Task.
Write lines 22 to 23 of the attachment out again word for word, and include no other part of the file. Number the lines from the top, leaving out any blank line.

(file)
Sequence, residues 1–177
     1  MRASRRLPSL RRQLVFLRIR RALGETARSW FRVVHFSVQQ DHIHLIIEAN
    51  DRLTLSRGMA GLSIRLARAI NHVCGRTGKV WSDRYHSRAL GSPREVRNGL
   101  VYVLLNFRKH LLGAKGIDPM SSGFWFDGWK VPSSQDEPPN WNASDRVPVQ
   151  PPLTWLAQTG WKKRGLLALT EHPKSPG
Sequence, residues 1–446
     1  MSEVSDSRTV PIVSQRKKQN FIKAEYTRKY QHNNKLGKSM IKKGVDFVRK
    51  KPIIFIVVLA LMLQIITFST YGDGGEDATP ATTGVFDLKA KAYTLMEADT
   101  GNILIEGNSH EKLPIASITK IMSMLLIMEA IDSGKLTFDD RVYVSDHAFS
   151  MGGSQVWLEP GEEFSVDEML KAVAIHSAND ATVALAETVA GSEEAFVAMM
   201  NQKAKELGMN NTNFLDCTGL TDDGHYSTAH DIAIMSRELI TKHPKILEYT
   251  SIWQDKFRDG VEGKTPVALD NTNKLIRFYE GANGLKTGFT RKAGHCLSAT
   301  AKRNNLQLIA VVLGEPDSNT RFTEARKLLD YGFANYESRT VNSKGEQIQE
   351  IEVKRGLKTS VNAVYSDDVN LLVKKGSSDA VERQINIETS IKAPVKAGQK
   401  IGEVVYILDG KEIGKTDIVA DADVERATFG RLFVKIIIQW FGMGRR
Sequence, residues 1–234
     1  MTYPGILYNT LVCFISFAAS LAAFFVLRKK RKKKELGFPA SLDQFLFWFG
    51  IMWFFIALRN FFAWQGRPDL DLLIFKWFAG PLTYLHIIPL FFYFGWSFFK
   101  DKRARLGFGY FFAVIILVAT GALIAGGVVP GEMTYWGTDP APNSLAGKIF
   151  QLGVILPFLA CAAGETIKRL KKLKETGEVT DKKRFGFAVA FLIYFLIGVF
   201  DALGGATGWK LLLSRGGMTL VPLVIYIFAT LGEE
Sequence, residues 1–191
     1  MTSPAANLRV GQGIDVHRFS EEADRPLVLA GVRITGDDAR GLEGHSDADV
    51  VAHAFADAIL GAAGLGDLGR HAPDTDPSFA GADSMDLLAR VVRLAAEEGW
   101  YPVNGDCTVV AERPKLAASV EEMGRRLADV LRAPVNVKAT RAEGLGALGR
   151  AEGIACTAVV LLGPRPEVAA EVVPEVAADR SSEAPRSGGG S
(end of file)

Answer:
Sequence, residues 1–191
     1  MTSPAANLRV GQGIDVHRFS EEADRPLVLA GVRITGDDAR GLEGHSDADV